Although many Kiwis are cured by their initial drug treatment for breast cancer, we don’t know for sure it’s worked. Doctors must balance the need not to give too many drugs against the need to kill off all the cancer cells. Patients worry their cancer will come back.
Researchers have been struggling to figure out how best to detect remaining cancer cells in patients’ bodies. Extracellular vesicles (EVs) – tiny packages released by all cells – travel in our blood. We can identify where they come from, including from a tumour.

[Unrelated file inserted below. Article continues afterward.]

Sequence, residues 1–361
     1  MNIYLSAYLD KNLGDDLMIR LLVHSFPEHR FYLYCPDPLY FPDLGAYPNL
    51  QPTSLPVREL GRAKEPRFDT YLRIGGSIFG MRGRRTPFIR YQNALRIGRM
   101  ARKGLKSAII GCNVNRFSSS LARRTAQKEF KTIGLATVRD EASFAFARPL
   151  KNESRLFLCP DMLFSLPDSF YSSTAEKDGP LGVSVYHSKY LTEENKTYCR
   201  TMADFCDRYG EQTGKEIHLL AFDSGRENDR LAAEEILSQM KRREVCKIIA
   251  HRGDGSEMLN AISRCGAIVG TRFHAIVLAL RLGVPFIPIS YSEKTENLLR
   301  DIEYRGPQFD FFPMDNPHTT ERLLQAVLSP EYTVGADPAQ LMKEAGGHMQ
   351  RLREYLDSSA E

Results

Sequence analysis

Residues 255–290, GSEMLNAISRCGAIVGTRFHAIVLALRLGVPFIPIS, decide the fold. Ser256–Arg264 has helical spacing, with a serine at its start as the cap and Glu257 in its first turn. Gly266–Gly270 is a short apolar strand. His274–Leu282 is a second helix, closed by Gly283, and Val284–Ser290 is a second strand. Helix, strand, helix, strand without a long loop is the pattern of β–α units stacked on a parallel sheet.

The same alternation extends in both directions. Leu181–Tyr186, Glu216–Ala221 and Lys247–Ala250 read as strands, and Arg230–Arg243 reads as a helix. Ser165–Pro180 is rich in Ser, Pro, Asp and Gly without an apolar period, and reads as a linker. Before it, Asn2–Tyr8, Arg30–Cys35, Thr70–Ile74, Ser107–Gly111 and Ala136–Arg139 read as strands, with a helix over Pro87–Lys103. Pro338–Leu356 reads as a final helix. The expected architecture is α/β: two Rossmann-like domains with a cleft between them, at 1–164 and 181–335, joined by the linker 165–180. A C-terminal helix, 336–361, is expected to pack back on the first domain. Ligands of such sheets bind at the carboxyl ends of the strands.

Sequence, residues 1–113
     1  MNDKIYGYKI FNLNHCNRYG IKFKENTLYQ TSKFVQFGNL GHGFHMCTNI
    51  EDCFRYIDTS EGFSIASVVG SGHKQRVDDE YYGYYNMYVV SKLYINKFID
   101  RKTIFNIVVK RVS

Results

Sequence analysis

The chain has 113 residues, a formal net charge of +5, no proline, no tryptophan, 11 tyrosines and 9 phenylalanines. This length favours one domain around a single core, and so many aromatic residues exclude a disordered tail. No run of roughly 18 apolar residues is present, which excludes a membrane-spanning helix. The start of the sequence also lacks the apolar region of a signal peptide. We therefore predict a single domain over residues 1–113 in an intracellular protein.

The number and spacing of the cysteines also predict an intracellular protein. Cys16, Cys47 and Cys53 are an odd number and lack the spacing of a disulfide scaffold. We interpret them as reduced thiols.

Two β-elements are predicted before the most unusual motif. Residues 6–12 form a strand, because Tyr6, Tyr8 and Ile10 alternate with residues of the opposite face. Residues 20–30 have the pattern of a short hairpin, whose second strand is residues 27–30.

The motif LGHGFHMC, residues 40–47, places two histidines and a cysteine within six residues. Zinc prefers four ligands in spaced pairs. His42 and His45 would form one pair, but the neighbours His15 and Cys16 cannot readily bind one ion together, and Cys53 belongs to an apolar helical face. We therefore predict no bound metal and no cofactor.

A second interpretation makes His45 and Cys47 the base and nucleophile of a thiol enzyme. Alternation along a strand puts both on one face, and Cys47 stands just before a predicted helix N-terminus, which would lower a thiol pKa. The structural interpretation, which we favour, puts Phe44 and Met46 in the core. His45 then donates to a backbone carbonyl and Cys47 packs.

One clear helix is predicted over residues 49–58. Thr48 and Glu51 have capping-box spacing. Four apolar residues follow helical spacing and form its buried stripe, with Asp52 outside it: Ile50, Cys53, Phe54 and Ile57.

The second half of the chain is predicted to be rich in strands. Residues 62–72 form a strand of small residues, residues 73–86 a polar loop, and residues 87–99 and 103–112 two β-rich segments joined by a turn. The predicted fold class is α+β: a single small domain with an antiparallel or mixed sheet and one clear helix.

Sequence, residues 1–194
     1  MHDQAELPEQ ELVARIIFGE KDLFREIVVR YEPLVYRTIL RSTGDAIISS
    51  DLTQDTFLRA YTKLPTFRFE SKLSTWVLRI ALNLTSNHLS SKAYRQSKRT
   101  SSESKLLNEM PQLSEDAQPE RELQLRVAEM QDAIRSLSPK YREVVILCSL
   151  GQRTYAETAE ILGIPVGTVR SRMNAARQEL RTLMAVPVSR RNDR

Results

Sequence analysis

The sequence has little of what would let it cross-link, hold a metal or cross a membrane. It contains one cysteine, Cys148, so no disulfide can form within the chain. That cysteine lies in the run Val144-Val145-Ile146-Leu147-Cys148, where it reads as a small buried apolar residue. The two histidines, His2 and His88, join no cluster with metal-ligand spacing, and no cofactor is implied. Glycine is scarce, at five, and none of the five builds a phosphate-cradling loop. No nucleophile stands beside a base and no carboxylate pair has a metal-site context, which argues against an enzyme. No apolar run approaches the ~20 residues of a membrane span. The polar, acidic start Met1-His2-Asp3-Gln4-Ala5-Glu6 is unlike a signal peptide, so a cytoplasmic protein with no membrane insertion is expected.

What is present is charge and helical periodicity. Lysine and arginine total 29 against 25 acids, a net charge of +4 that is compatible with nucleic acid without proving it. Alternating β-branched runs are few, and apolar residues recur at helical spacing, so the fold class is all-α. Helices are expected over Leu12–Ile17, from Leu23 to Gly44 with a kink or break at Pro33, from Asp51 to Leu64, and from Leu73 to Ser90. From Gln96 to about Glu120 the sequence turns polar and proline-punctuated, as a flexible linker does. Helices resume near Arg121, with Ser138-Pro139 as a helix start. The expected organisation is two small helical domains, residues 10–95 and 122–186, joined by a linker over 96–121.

Scientists believe there’s potential to track the number of breast cancer-specific EVs in blood samples to determine if more treatment is needed, or that the cancer has returned. But because healthy EVs vastly outnumber the cancer cells, Dr Colin Hisey and Dr Cherie Blenkiron from University of Auckland are working on a new device that will catch the cancer EVs, while releasing the healthy EVs. This method of isolating cancer EVs could be a low cost and non-invasive tool to improve breast cancer patients’ treatment and recurrence monitoring.